I have a soft place in my heart for the BlackBerry Pearl—the first BlackBerry that I actually coveted and used over the past year, magically carrying unbidden email in my pocket. I had discovered CrackBerry religion and now, with the Curve, BlackBerry has found a new way to keep me in the fold.
Slotting in neatly between the two new-generation BlackBerrys—the chic and consumer-friendly Pearl and the all-business 8800—the Curve has all the essential features of a BlackBerry: an excellent colour screen, QWERTY keypad with the new navigational standard, the trackball and access to push email. The Curve has a strong consumer feel to it, with a much-improved multimedia software package for taking your favourite songs, pictures and videos to go—all without sacrificing the long battery life that’s made BlackBerry the device of choice for email addicts.
The Curve is the best looking BlackBerry device by far and the rounded design makes it easy to hold, and it’s small enough to use single-handed if you’re just doing a bit of surfing. The full-size, backlit QWERTY keyboard is laid out in a gentle curve, which helps to save space and, despite the small size, with a little practice I was responding to email or composing text messages at a brisk pace, much faster than the Pearl’s not-so-SureType keyboard. The trackball is a great and intuitive device to navigate around the interface and Web pages. At the top, the 2.5 inch, 320x240 pixel display did a superb job rendering everything from Web pages and maps to photos and videos. The standard 3.5mm stereo jack, a USB port and a push-to-talk key are placed on the left side of the Curve, and the volume buttons and camera-launch key are on the right side.
The Curve’s mass-storage mode enables easy drag-and-drop file transfers. Size-wise, it’s not that much bigger than the Pearl—it’s a tad wider, slightly thicker and about the same height: 10.7cm x 1.6cm x 6cm. The additional width doesn’t take that much getting used to and the Curve weighs in at a pocket-friendly 111gm, no geeky hip holster required.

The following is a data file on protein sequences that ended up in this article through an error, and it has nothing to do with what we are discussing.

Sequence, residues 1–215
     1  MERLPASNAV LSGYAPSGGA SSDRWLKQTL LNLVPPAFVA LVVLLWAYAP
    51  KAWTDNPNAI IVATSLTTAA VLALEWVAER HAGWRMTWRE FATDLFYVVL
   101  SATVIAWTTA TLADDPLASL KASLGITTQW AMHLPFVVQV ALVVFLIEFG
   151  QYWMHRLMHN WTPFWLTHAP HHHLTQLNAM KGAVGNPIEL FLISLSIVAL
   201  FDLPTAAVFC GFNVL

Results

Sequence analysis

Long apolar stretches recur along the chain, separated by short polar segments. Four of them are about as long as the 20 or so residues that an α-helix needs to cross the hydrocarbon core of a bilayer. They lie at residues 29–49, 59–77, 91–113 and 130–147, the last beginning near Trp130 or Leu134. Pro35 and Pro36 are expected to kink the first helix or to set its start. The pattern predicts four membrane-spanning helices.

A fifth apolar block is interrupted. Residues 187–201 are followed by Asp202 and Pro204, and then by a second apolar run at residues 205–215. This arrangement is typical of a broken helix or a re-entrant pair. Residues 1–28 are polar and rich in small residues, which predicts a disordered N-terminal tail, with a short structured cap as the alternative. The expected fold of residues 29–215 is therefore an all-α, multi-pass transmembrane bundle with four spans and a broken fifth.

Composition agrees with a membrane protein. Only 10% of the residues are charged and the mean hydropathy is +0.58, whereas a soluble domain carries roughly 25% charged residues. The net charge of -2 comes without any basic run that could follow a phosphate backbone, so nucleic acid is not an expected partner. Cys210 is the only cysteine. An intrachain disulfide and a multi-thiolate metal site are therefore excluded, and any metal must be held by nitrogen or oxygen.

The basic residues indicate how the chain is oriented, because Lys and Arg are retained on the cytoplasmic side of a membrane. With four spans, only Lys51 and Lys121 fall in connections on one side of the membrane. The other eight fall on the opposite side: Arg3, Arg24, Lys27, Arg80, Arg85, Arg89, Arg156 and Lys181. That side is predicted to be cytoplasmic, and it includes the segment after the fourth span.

What truly separates this BlackBerry from the Pearl is its added multimedia capabilities. The Curve’s 2MP camera took some nicely detailed and richly saturated pictures, good enough for postcard-sized prints of a recent home party. The Curve’s inability to record video is a bummer, however.
The bundled Roxio Easy Media Creator makes dragging and dropping files to the Curve (and from the Curve to your desktop) easy-peasy. If you want to load videos to go, the software will try to convert all sorts of files to the 320x180, 24-frames-per-second MP4 format that the BlackBerry prefers. Do it during your lunch break as this process takes a while.
On a few transfers, I found the audio and video did not sync, so be sure that a video file can play within Desktop Media Manager before you bother transferring it. Music files transferred quite alright. You can drag over MP3 or AAC music files, create playlists, and create, edit and transfer albums of photos. Music playback is smooth and rich, especially heard through audiophile headphones plugged into the grown-up 3.5mm jack. Support for A2DP (Advanced Audio Distribution Profile) is included, so you can stream stereo audio to a compatible Bluetooth headset or speakers. You can add additional storage through a MicroSD card slot. It’s annoyingly positioned underneath the battery, but it’s highly recommended—as you will find the Curve soon filling up with your space-hogging, preferred multimedia content.
The Curve is still a BlackBerry through and through: email is efficient and easy to use as always, now with a new spell-check feature. It snappily browses the Web, too, and data transfer tops out at 2.5G EDGE speeds, which is currently on par with Indian cellular networks. An attachment viewer opens popular file formats such as Microsoft Word, Excel, PowerPoint, Corel WordPerfect, PDFs, JPEG and GIF.
The Curve also features a speakerphone, voice-activated dialling, smart dialling, conference calling, speed dial and push-to-talk service wherever supported. It’s a world phone, with support for all four GSM frequencies (800, 850, 1800, and 1900MHz).
A copy of BlackBerry Maps is included, but there is no data for India up as yet. I preferred to download the quite superb Google Maps directly from www.google.com/gmm. Although there’s no built-in GPS receiver, you can shop around for a Bluetooth-enabled one if you are so inclined. Or, you can opt for the latest Curve avatar—the 8310—with its integrated satellite navigation feature, 3G support and a 3MP camera.
I think I’ll stick to the original Curve for a while, as I really don’t need the added features. It’s a perfect example of a smartphone that doesn’t do everything—but everything it does, it does well.
BlackBerry Curve 8300 and 8310: Rs24,990
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